Luckily, OS X's processor panel provides a quick and easy way to disable one of the cores in the Core Duo machine, so we have a way of finding out.  With one core disabled, I added the non-existant iMac Core Solo 1.83GHz to the graph:

MP3 Encoding Performance Take 2 - iTunes 6.0.2

With an encoding time of 73 seconds, the Core Solo 1.83GHz is actually slower than the G5 1.9GHz.  Intel doesn't win because of a faster single core. They win because they have two cores where Apple could previously only put one. 

Let's take a look at Quicktime next; once again, this is the same test that's run in our CPU reviews.  This time around, I've included the Core Solo from the start:

H.264 Encoding Performance - Quicktime Pro 7.0.4

While the Core Duo wins the test, the Core Solo is actually slower than the single core G5.  We can cut Intel a little slack here, as it seems that Quicktime isn't very well optimized for their processors and Apple is reportedly working on fixing that, but the point is that we have now seen two cases where the G5 doesn't lose because it's a slower chip. It loses because there is only one of them in the iMac. 



iLife '06 Performance with iMovie HD

The next application that I looked at was iMovie HD, a part of the newly announced iLife '06.  There are two primary focuses for performance in iMovie HD: video import speed (if you are dealing with a non-DV or non-iSight video source) and effect rendering speed.  I focused on the latter, measuring the time that it takes to render various transitions and video effects in iMovie HD. 

Note that all of the transitions and "Video FX" are single-threaded, so there was no performance difference on the iMac between running with two cores or one enabled. 

First up are the transition rendering times. There are 15 transitions in iMovie HD that can be placed between two separate clips. I timed the amount of time that it took for the transition to be rendered upon inserting.  Each transition was timed three times and the results were averaged - the average time is reported in the table below:

 iMovie HD Transition Rendering Performance in Seconds (Lower is Better) iMac G5 1.9GHz  iMac Core Duo 1.83GHz
Billow 5.36 4.14
Circle Closing 3.32 3.13
Circle Opening 3.41 3.09
Cross Dissolve 3.51 3.34
Disintegrate 6.14 4.73
Fade In 2.31 2.32
Fade Out 2.30 2.28
Overlap 3.25 3.25
Push 3.43 3.26
Radial 3.35 3.29
Ripple 6.74 5.32
Scale Down 3.73 3.53
Warp Out 3.58 3.91
Wash In 2.43 2.47
Wash Out 2.35 2.39
Total 55.21 50.47

The Core Duo was slightly faster - the total for all of its transitions was about 8.5% lower than the iMac G5's time. 

The bigger performance differences come when looking at the Video FX render times.  These effects take anywhere from a few seconds, all the way up to multiple minutes to render, and can definitely bog down the creation of any movie project.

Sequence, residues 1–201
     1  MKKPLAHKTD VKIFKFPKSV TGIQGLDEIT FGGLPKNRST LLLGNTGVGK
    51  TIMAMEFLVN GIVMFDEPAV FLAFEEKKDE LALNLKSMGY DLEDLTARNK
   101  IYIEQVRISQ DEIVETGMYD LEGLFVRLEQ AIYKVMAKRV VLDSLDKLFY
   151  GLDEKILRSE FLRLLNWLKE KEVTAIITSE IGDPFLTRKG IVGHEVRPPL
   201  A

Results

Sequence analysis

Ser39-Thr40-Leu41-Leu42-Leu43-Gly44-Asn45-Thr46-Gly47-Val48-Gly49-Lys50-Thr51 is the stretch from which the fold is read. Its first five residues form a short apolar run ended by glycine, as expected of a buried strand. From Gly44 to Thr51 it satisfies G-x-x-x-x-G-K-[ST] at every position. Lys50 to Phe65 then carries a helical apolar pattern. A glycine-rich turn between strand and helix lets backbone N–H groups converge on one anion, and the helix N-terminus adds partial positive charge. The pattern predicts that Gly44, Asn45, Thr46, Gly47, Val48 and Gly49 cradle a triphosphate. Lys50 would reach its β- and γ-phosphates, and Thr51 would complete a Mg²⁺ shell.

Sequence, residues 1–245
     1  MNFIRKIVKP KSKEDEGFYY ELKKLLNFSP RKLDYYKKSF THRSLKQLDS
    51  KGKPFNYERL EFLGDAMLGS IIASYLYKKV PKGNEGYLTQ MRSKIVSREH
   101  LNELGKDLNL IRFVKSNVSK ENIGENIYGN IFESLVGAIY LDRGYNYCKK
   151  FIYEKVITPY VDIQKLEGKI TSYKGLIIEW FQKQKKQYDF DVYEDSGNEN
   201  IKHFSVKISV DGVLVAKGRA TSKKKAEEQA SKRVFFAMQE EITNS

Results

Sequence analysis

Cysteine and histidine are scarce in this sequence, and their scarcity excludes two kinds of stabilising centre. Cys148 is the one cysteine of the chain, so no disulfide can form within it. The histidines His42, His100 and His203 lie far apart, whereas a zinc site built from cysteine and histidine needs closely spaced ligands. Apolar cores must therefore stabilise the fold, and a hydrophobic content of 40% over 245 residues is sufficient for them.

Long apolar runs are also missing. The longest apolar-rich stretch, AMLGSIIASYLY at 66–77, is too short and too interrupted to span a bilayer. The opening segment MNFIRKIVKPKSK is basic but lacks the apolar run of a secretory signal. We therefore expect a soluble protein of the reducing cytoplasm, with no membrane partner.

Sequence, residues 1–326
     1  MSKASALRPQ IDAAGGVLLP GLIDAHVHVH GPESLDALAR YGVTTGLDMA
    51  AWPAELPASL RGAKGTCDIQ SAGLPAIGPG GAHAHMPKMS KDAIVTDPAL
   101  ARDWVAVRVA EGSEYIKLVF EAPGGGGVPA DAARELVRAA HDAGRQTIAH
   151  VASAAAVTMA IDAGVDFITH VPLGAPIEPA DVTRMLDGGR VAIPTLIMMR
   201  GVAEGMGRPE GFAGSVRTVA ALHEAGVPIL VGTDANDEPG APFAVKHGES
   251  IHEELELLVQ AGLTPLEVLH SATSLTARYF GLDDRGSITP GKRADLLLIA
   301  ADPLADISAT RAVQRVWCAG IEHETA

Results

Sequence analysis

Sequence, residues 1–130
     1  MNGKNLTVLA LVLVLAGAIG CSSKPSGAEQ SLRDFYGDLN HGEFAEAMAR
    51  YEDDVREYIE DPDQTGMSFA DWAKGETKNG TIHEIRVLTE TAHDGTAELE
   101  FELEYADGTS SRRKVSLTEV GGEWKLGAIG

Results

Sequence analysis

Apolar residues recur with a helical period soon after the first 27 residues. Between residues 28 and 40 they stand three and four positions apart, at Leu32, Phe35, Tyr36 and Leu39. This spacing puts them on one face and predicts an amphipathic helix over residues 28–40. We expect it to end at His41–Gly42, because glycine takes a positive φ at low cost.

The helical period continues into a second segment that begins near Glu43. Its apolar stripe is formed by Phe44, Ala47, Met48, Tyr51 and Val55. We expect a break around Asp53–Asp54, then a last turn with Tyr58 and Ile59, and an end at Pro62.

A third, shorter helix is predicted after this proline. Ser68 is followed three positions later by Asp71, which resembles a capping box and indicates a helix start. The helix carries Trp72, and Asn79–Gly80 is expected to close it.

iMovie HD Video FX Rendering Performance in Seconds (Lower is Better) iMac G5 1.9GHz  iMac Core Duo 1.83GHz
Adjust Colors 75.62 48.62
Aged Film 30.43 32.44
Black & White 52.62 35.81
Brightness & Contrast 26.12 28.13
Earthquake 113.69 56.75
Electricity 78.47 54
Fairy Dust 151.69 58.63
Fast/Slow/Reverse 6.12 8.56
Flash 24.44 24.16
Fog 46.25 49.66
Ghost Trails 80.97 76.31
Lens Flare 61.12 46.22
Letterbox 26.94 28.75
Mirror 25.6 25.16
N-Square 31.13 32.63
Rain 45.6 39.75
Sharpen 35.75 43.25

The sample above is almost all of the effects that you can perform in iMovie HD; the exception being all of the Quartz composer effects, which were left off in the interest of time.  When the G5 and Core Duo are close, the G5 generally pulls ahead by a single digit percentage. However, when they aren't close, the Core Duo is usually ahead by at least 30%.  If you average it all out, the performance advantage translates into about 11% in favor of the Core Duo.  Once again, these tests are single-threaded, so there is no performance benefit due to the dual core nature of the Core Duo. 



iLife '06 Performance with iPhoto, iDVD and iWeb

With iPhoto, Apple has really created an excellent digital photo album application that is extremely robust.  Steve Jobs is always demonstrating how iPhoto can handle tens of thousands of pictures without a problem, but given that I am testing iMacs with 512MB of memory, I'll stick to our paltry 379 photos as the data for this next test. 

The test is simple; I timed the import of all 379 photos into iPhoto which, believe it or not, is quite CPU intensive and not as I/O bound as you'd think.  After I attained the time, I divided it into 379 to get the number of pictures imported per second.  Like many operations in OS X, the iPhoto import process is multi-threaded, giving the Core Duo an inherent advantage over the G5. So, I've included Core Solo performance in the chart below as well: